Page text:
Katherine Johnson, a woman who worked with a team of African-American mathematicians to launch the first men into space by making accurate mathematical calculations by hand, turned 100 years old on Sunday.
Katherine Johnson was often called the “human computer” and was even featured in the movie “Hidden Figures” in 2016. In an interview she told The Virginian Pilot that she is fortunate to have lived so long.
“I’m just lucky – the Lord likes me,” she said. “And I like him,” she added, after a pause.
In order to congratulate the famous mathematician, who worked at the Langley Research Center in Hampton, Virginia, NASA posted birthday tweets, specially intended for Johnson, highlighting everything that she did for the space agency and space travel in general.
“Today, retired @NASA_Langley mathematician Katherine Johnson makes her 100th trip around the Sun as she celebrates her birthday!” the space agency wrote in one post. “Send her birthday wishes using #Happy100Katherine & learn about her calculations that launched @NASA_Astronauts to space”
If you could send a birthday message to retired @NASA_Langley mathematician Katherine Johnson, what would it say? Tag your Tweets with #Happy100Katherine to celebrate her trailblazing contributions to space exploration. pic.twitter.com/pLzYqMFu2k
— NASA (@NASA) August 26, 2018
Today, retired @NASA_Langley mathematician Katherine Johnson makes her 100th trip around the Sun as she celebrates her birthday! Send her birthday wishes using #Happy100Katherine & learn about her calculations that launched @NASA_Astronauts to space ?: https://t.co/Iv2DqAt1LK pic.twitter.com/DVvVYnrupe
— NASA (@NASA) August 26, 2018
Katherine Johnson, along with the women from her team, overcame the gender as well as racial divides that were greatly present in the 1950s and 1960s. Not much was even known about these issues for these women until a few years ago when author Margot Lee told their story in her book “Hidden Figures.”
The other women, however, that were part of her team have since died.
On Saturday, just before her birthday, alma mater West Virginia State University officially revealed a statue that honors Johnson. The unveiling was followed by a tweet where the university explained that it “will serve as a source of inspiration to current and future students of all that is possible through dedication, hard work and perseverance.”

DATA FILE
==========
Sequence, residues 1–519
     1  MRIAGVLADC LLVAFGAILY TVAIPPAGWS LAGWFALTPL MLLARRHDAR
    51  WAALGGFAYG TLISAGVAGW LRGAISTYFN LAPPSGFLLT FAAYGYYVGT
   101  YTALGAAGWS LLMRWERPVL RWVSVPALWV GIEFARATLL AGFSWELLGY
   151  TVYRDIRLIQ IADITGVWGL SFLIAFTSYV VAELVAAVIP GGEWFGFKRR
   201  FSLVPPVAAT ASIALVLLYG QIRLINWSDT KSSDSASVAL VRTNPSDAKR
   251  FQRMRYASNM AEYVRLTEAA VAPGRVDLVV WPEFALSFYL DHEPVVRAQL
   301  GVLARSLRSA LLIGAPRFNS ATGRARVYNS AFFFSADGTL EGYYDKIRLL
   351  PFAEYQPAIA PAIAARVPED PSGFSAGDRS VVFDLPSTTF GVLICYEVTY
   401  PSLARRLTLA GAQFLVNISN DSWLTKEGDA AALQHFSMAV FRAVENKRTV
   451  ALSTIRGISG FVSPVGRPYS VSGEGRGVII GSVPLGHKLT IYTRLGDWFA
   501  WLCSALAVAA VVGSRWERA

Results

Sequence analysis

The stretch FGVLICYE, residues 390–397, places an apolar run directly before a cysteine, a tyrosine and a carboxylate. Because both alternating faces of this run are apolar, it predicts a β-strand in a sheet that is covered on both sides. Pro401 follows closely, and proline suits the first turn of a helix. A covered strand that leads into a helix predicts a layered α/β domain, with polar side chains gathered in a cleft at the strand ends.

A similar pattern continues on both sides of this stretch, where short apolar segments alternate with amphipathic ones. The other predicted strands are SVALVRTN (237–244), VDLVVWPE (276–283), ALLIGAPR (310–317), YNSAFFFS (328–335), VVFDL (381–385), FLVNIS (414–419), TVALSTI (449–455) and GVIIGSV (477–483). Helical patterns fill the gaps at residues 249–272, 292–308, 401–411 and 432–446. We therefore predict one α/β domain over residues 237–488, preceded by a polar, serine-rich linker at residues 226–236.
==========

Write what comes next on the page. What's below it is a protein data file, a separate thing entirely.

Today the University community gathered to dedicate a statue and scholarship in honor of our amazing alum Katherine Johnson. The statue will serve as a source of inspiration to current and future students of all that is possible through dedication, hard work and perseverance. pic.twitter.com/iFOqxnr1eH
— WV State University (@WVStateU) August 25, 2018
Yvonne Cagle, life sciences directorate at the Johnson Space Center said as per the Charleston Gazette-Mail, that the “extraordinary” thing about Dr. Johnson is “she not only prevailed while segregation failed” but “has continued to persevere and thrive with the gracious poise and clarity that defies mere words of explanation.”
What an absolutely remarkable dedication to Dr. Katherine Johnson.
— Yvonne Cagle (@AstroMD_Yvonne) August 25, 2018
Johnson did an extraordinary job by pushing herself into the work that was at that time highly dominated by men, for which she has been credited. Her dedication and hard work secured her a position into the inner circle of the American Space Program, according to a report in CNN.
Johnson was a modest person who never took full credit for the work done to take a manned mission to space. As she said in a 2010 interview, “We always worked as a team. It’s never just one person.”
She made calculations for Alan Shepard’s Mercury flight, the first manned U.S. spaceflight. Moreover, she was the one checking the output for John Glenn’s spaceflight, and later she aided NASA in mapping the surface of the moon during the preparations for the 1969 landing. She also contributed to the return of the Apollo 13 astronauts as they were facing technical issues.
Katherine Johnson retired in 1989 and later in 2015 received the National Medal of Freedom for all her work. Hopefully her work will inspire many other people who are interested in mathematics and astronomy.
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